The Cover Of Christendom

Not too long ago, it was easier for Christians and the church to live in the western world since Christians had more in common with the culture in which they lived. This was mainly because the culture drew much of its own formation from Judeo-Christian teaching and tradition. Even though people would not consider themselves religious, they still had a basic respect for the church and the Bible. Basic Christian morality was widely incorporated into the laws, institutions and basic practices of society. There was a time when almost everyone went to church, when the Lord’s Prayer was prayed in public schools and stores were closed on Sundays.

The key reason why it is getting harder for Christians to live in the western world is because of the collapse of Christendom. Western Christians have had it easy over the centuries by living in the world without being openly rejected and persecuted by the world as Christendom provided the foundation for that ease.

Today, broad acceptance of Christian values has turned into indifference, dismissal or even outright hostility. Christians in the west are continuing to find themselves in an environment where they must tread carefully while trying to live out their faith in the public square. Not only has the world discarded Christian values and beliefs, it seeks to actively discredit them and to portray Christians as harmful and dangerous bigots whose religion must be kept in the closet. A growing number of secularists believe that Christianity must never have a seat in the public square again.

Many churches and Christians have reacted to this sudden shift from accommodation and respect to rejection and hostility by doing what 1 John 1:15 tells them not to do. They reverse biblical teaching and embrace the morality of the world that is in contradiction to the plain teaching of scripture in order to gain the acceptance of the world. This has taken place in the areas of the value of human life, sexual morality, the reliability of the Bible and even the nature of Christ. This has been particularly noticed in churches that were once solidly biblical for centuries but who have rapidly abandoned certain key doctrines by replacing them with the world’s key doctrines.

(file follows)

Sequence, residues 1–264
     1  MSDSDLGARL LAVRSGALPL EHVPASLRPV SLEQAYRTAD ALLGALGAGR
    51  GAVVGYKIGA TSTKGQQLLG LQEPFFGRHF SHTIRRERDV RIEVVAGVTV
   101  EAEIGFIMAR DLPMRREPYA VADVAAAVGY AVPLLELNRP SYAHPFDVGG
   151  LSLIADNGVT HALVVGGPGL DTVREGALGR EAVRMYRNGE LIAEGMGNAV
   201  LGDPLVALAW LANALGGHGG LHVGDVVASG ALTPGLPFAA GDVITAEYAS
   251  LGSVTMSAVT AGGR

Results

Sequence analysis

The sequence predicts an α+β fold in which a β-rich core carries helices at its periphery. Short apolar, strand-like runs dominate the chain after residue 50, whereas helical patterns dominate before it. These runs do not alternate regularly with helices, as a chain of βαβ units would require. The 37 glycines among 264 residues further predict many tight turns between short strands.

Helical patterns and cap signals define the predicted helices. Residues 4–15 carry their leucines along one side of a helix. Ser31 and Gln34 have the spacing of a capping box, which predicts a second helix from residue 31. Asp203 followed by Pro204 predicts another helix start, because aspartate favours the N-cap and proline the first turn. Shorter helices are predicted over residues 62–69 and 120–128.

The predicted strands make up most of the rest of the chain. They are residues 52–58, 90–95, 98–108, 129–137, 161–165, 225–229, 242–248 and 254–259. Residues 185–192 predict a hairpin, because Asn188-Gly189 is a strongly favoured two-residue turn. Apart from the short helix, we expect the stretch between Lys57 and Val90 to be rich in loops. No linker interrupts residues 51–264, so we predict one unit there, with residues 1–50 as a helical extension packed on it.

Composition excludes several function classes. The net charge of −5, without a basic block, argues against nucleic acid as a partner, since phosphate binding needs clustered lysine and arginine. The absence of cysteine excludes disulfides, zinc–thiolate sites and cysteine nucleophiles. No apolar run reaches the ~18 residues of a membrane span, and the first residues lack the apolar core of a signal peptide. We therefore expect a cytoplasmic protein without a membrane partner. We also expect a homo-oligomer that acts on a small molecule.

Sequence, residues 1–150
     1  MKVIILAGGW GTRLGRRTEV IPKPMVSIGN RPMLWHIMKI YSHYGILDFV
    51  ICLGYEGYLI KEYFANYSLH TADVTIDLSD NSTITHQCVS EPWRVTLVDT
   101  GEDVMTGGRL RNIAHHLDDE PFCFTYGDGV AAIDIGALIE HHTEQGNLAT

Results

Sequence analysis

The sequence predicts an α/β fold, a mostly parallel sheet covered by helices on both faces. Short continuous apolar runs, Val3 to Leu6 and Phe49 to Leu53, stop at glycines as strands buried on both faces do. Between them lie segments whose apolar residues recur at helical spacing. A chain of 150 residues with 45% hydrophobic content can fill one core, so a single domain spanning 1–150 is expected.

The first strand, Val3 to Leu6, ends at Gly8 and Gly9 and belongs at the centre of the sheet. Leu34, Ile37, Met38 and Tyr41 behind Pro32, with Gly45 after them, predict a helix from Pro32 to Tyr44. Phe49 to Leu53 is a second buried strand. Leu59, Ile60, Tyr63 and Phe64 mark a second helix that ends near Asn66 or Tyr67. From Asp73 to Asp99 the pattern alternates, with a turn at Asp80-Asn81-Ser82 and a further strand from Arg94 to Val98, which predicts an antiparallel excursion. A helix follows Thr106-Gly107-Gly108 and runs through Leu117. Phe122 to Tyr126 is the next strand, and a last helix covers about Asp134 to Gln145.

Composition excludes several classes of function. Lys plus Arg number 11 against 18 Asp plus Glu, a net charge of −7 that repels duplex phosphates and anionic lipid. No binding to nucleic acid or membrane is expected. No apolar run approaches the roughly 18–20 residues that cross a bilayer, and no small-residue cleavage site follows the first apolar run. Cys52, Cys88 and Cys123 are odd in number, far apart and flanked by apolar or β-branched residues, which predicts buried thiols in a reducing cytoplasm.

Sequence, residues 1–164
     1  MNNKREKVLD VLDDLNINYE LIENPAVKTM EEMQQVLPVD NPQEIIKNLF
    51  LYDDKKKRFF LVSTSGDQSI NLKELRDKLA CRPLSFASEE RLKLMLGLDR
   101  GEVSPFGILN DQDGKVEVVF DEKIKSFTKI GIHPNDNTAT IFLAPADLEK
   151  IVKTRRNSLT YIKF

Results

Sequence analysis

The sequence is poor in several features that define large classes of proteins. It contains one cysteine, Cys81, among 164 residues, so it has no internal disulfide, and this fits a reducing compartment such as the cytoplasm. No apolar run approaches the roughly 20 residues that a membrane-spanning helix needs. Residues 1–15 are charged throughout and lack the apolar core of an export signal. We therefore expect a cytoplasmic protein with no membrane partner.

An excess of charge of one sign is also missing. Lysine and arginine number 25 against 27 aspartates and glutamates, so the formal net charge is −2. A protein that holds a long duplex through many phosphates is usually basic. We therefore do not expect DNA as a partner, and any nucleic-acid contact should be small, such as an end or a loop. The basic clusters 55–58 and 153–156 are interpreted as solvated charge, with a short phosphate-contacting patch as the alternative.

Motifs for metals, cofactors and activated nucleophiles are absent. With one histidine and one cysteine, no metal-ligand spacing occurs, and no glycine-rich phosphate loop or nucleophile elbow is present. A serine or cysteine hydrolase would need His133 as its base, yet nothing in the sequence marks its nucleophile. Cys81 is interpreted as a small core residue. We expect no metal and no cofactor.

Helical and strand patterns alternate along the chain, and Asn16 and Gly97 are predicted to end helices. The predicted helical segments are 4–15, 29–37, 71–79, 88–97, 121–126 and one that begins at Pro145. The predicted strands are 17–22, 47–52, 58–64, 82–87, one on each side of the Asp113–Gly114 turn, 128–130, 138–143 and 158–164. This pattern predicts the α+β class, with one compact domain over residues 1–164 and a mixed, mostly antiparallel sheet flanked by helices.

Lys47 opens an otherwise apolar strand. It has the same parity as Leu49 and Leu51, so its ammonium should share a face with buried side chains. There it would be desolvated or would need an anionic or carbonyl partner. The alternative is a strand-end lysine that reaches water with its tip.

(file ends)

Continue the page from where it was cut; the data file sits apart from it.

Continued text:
Such churches should look to the historical record of Christian liberalism. Its main focus over the past few centuries has been to shape Christianity into the mold of the world, thinking that this is its future and that the world will be more accepting of Christianity. However, the liberal Christian experiment has failed massively in this regard. Churches that have gone down this path have found their membership in steep decline while the world considers them more and more irrelevant anyway. Liberal churches may be escaping the axe of persecution for now but their pact with the world system is sending them down the spiral of spiritual oblivion.

Living in the World

How can orthodox churches and Christians in the west live out the gospel of Jesus Christ in an environment that ignores them and displays open hostility towards them?